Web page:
Science education the subject of forum in China

November 10, 2010

Piyush Swami, a University of Cincinnati professor of science education in the UC College of Education, Criminal Justice, and Human Services (CECH), is one of a group of the nation's prominent science educators taking part on the Sino-U.S. Science Education Forum in Shanghai, China, Nov. 15-18. Swami will depart Cincinnati for China on Nov. 14.

The forum is co-hosted by the National Science Teachers Association (NSTA), of which Swami is a member, and the China Association of Children's Science Instructors (CASCI). The NSTA reports that educators from both countries will meet to share information on science education trends in the U.S. and China. Swami will present on the U.S. preparation of science teachers.

UC's College of Education, Criminal Justice, and Human Services has been dedicated to excellence in teaching for more than a century. The college prepares students to work in diverse communities, provides continual professional development and fosters education leadership at the local, state, national and international levels.

Swami is Executive Director Emeritus of the Science Education Council of Ohio, an organization that he founded that now has more than 3,000 members dedicated to excellence in science education. He has also served as a science consultant for the Ohio Department of Education.

Swami says that U.S. strengths in science education emphasize teaching students inquiry skills, critical thinking and problem-solving. "As a result, U.S. students tend to be more free-thinking and more intuitive in applying science knowledge," he says. "We work on teaching students skills that will last a long time, so science in U.S. classrooms is taught more creatively, compared with the approach of other countries around the globe."

Swami says he is also looking forward to learning what his Chinese colleagues have to share about science education and science teacher preparation. "This is an opportunity to build greater understanding between the cultures of the U.S. and China in the field of education."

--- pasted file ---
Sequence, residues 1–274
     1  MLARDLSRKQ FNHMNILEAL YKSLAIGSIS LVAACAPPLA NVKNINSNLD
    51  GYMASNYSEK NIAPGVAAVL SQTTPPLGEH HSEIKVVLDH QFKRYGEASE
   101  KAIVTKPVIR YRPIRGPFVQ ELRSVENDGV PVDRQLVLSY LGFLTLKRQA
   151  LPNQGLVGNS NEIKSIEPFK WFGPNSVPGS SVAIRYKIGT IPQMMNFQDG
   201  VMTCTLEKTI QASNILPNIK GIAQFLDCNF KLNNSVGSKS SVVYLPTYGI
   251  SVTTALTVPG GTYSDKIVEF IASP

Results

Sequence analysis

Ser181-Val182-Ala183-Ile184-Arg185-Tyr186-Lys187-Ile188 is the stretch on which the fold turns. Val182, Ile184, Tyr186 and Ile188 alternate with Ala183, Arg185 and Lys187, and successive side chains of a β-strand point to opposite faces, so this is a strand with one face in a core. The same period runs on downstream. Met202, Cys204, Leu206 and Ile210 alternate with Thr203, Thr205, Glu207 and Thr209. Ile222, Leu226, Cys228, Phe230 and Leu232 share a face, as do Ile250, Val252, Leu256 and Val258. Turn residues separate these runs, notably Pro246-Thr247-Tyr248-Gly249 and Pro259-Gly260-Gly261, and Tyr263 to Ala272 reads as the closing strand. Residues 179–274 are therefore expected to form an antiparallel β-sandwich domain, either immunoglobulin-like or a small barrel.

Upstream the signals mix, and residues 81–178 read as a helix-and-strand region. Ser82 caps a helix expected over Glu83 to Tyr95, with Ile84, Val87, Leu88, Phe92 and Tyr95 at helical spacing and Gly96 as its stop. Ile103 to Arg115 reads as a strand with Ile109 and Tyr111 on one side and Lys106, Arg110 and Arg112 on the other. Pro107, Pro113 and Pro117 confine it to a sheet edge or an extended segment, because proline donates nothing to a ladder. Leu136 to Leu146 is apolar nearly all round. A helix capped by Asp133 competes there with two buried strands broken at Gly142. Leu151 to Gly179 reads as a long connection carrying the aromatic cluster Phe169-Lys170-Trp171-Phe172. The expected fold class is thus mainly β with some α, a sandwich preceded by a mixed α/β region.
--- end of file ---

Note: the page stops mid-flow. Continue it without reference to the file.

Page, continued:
The NSTA is the world's largest professional organization dedicated to promoting excellence and innovation in science teaching and learning. Its membership includes approximately 60,000 science teachers, administrators and science industry professionals.

The University of Cincinnati is classified as a Research University (Very High Research Activity) by the Carnegie Commission and is ranked as one of America's top 25 public research universities by the National Science Foundation. UC and its affiliates topped $443 million in research funding for fiscal year 2010 - an increase of more than $65 million over last year's total.

University of Cincinnati

Related Education Articles from Brightsurf:

Applying artificial intelligence to science education
A new review published in the Journal of Research in Science Teaching highlights the potential of machine learning--a subset of artificial intelligence--in science education.

Dementia education
School-based dementia education could deliver much needed empathy and understanding for older generations as new research from the University of South Australia shows it can significantly improve dementia knowledge and awareness among younger generations.

How can education researchers support education and public health and institutions during COVID-19?
As education researchers' ongoing work is interrupted by school closures, what can they do to support education and public health institutions dealing with the Covid-19 pandemic?

Online education platforms could scale high-quality STEM education for universities
Online and blended (online and in-person) STEM instruction can produce the same learning outcomes for students as traditional, in-person classes at a fraction of the cost, finds research published today in Science Advances.

Technology in higher education: learning with it instead of from it
Technology has shifted the way that professors teach students in higher education.

The new racial disparity in special education
Racial disparity in special education is growing, and it's more complex than previously thought.

Education may be key to a healthier, wealthier US
A first-of-its-kind study estimate the economic value of education for better health and longevity.

How education may stave off cognitive decline
Prefrontal brain regions linked to higher educational attainment are characterized by increased expression of genes involved in neurotransmission and immunity, finds a study of healthy older adults published in JNeurosci.

Does more education stem political violence?
In a study released online today in Review of Educational Research, a peer-reviewed journal of the American Educational Research Association, three Norwegian researchers attempt to bring clarity to this question by undertaking the first systematic examination of quantitative research on this topic.

Individual education programs not being used as intended in special education
Gone are the days when students with disabilities were placed in a separate classroom, or even in a completely different part of the school.

Read More: Education News and Education Current Events is a participant in the Amazon Services LLC Associates Program, an affiliate advertising program designed to provide a means for sites to earn advertising fees by advertising and linking to